MRI provides better resolution of neural structures than CT. This difference is most significant clinically for visualizing the following:
CT images of these regions are often marred by bony streak artifacts. MRI is especially valuable for identifying spinal abnormalities (eg, tumor, abscess) compressing the spinal cord and requiring emergency intervention. Also, MRI is better for detecting demyelinating plaques, early infarction, subclinical brain edema, cerebral contusions, incipient transtentorial herniation, abnormalities of the craniocervical junction, and syringomyelia.
MRI is contraindicated if patients
Visualization of inflammatory, demyelinated, and neoplastic lesions may require enhancement with IV paramagnetic contrast agents (eg, gadolinium). Although gadolinium is thought to be much safer than contrast agents used with CT, nephrogenic systemic fibrosis (nephrogenic fibrosing dermopathy) has been reported in patients with impaired renal function and acidosis. Before using gadolinium in patients with renal disease, clinicians should consult with a radiologist and a nephrologist.
There are several MRI techniques; choice of technique depends on the specific tissue, location, and suspected disorder:
Perfusion-weighted imaging (PWI) can detect areas of hypoperfusion in early ischemic stroke but cannot yet reliably distinguish areas with benign oligemia from those with injurious hypoperfusion due to infarction.
Diffusion tensor imaging (DTI) is an extension of DWI that can show white matter tracts in 3 dimensions (tractography) and can be used to monitor the integrity of CNS tracts affected by aging and disease.
Double inversion recovery (DIR), used in research centers, can detect demyelination of gray matter better than other MRI techniques; gray matter demyelination is now considered common in multiple sclerosis.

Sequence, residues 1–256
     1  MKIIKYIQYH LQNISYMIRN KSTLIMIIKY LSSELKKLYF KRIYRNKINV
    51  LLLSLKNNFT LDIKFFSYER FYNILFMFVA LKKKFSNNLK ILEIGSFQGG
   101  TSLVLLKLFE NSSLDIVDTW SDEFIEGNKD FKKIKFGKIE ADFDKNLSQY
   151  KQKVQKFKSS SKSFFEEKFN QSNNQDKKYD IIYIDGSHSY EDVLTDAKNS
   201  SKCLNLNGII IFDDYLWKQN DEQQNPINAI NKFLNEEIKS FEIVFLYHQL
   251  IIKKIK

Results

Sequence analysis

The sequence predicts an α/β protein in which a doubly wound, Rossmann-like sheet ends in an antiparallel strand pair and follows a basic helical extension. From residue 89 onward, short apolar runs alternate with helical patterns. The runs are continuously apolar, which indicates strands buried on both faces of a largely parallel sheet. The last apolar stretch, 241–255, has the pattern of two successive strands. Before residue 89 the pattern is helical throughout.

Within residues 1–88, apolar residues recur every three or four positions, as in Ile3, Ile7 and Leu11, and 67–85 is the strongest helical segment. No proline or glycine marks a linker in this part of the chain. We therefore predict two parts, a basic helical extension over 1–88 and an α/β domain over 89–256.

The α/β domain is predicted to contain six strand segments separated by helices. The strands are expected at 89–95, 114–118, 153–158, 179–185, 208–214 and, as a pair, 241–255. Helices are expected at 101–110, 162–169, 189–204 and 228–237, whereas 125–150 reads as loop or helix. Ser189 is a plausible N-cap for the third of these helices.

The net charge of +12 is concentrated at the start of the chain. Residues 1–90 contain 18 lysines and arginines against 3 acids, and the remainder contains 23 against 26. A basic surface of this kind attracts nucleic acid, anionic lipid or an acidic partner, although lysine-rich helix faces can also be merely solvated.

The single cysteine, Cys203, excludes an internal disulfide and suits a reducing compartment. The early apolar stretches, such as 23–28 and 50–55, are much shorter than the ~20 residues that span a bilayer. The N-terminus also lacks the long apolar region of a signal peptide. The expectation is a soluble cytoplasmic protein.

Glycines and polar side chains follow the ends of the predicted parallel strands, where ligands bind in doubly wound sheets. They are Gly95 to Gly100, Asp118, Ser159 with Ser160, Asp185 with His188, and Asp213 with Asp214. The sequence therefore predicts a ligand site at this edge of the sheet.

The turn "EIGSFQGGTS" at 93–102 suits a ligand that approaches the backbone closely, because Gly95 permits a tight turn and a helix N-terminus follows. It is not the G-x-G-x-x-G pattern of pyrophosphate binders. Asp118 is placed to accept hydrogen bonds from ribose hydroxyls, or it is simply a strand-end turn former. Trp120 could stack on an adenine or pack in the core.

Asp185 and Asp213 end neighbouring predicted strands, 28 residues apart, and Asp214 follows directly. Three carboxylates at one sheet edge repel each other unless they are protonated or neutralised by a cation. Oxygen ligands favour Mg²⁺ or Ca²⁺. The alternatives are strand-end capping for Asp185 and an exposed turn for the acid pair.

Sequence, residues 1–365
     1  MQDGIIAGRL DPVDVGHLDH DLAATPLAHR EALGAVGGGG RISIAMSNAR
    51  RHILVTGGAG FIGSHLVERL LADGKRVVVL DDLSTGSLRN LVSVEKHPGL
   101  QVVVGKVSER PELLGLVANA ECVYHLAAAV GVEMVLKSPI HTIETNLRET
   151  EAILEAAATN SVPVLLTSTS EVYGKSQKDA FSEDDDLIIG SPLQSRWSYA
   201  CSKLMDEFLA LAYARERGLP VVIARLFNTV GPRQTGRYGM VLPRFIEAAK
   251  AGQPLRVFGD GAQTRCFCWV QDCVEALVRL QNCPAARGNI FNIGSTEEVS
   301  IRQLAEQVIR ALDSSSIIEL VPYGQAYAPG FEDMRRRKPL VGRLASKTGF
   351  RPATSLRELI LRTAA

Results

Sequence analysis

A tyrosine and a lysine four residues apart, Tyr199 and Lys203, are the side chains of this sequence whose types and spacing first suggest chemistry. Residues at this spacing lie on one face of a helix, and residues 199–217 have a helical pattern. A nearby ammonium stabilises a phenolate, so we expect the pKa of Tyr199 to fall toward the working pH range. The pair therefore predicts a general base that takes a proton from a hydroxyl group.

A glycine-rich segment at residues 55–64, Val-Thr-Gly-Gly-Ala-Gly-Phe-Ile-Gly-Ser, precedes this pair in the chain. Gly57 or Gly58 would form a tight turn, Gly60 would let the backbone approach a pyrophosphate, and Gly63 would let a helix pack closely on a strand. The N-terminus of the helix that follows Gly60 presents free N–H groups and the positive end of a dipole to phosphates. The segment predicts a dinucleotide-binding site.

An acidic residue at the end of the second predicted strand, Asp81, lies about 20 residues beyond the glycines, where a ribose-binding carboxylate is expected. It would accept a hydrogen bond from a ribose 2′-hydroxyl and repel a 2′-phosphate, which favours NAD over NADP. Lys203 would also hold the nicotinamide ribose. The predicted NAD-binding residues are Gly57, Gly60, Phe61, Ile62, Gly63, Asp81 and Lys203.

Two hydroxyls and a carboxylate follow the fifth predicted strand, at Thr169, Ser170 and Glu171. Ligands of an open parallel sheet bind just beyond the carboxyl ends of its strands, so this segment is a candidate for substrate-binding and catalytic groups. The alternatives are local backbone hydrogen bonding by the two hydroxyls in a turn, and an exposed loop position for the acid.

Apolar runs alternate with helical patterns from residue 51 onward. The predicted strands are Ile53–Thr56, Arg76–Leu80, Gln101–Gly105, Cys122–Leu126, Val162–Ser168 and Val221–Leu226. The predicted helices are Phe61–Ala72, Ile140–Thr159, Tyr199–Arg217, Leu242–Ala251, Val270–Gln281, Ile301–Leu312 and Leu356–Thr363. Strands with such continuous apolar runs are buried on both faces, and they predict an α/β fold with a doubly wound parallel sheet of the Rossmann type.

Functional MRI (fMRI) shows which brain regions are activated (shown by increased flow of oxygenated blood) by a specific cognitive or motor task, but its clinical use is still being defined.
Magnetic resonance angiography (MRA) uses MRI with or without a contrast agent to show cerebral vessels and major arteries and their branches in the head and neck. Although MRA has not replaced cerebral angiography, it is used when cerebral angiography cannot be done (eg, because the patient refuses or has increased risk). As a check for stroke, MRA tends to exaggerate severity of arterial narrowing and thus does not usually miss occlusive disease of large arteries.
Susceptibility-weighted angiography (SWAN) can be useful in evaluating bleeding. It allows better visualization of both large and small blood vessels, microhemorrhages, and deposits of calcium and iron in the brain.
Magnetic resonance venography (MRV) uses MRI to show the major veins and dural sinuses of the cranium. MRV obviates the need for cerebral angiography in diagnosing cerebral venous thrombosis and is useful for monitoring thrombus resolution and guiding the duration of anticoagulation.
Magnetic resonance spectroscopy can measure metabolites in the brain regionally to distinguish tumors from abscess or stroke.